(Q.2) I AM FACING MY SENIOR year in college but still don't know exactly what I want to do later. I am an honor student, even winning a university scholarship my first year to business college. I finished two years, and then switched to media which I really enjoy. I especially enjoy my Media law course because I like arguing. (Especially with my parents who wanted me to become a CPA). I had one internship last summer but didn't apply again because I want to spend this summer on campus, delivering pizza, hanging out with pals, and deciding what to do after I graduate. And that's the problem. I spend most of my enjoyable time on the traveling Midwest Intramural Volley Ball team, picking up where I left off with letters and honors in High School. I'm confused because I really can and do enjoy many diverse interests. Is there any way to bring them together?

(A): SOMEONE MUST-AND SOON. Here's a quick effort: Your honors business and journalism background give you two sturdy legs of the "three legged career stool." There are a few possibilities for the third. 1. Media Law. Go on to law school, further understand and be ready to defend or prosecute the many new areas of media when it breaks or is accused of breaking the law. This field will only grow as media outlets do---and so will its need for legal protection. 2. Since volley ball remains a really important part of your life and sounds as if it always will be, think about sports marketing (your media background will help in this as well. You need to make sure you take some courses in spots marketing before you leave campus. Perhaps you can do that this summer instead of  "hanging out with friends full time."  You also may want to add some ongoing law courses and become a sports agent, responsible for negotiating deals, and managing sports individuals or teams. Your school counselor and help with these ideas and others, since you still have a year and some summers to add the necessary classes. .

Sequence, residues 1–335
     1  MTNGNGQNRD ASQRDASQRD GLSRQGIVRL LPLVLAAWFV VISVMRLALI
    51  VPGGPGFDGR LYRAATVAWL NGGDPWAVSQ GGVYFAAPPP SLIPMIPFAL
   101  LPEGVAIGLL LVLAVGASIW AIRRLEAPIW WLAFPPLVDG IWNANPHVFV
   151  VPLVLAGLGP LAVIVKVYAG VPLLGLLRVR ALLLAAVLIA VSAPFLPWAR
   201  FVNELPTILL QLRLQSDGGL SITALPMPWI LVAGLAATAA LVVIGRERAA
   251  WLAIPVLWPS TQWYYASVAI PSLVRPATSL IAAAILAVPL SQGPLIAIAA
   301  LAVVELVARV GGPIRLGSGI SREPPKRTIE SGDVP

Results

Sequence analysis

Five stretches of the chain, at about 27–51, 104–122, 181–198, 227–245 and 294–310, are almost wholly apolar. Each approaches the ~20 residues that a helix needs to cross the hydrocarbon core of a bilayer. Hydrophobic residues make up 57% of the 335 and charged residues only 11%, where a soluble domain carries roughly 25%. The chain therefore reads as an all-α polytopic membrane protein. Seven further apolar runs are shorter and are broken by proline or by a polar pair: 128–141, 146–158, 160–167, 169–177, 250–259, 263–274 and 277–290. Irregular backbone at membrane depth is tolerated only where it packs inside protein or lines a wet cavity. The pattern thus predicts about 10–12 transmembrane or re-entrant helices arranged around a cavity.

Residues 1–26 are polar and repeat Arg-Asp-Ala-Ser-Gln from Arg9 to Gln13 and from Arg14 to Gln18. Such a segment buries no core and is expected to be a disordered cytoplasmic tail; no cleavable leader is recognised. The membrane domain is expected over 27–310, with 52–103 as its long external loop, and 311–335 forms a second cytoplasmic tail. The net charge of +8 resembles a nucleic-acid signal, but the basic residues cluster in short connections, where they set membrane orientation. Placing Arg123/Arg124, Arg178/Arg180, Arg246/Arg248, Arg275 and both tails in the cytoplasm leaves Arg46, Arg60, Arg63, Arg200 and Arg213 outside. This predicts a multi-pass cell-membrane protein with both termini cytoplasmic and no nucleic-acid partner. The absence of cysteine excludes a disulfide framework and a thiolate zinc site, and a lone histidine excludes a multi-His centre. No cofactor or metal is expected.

(Q. 3).I'M SMART. I'M HARDWORKING, and I want to go to college. I deserve to have a college degree but my parents have little money. I have less. I don't qualify for scholarships and I'm about to start looking for a factory job-even though there are very few factories where I live. I don't want to work in fast foods. How does someone like me better himself?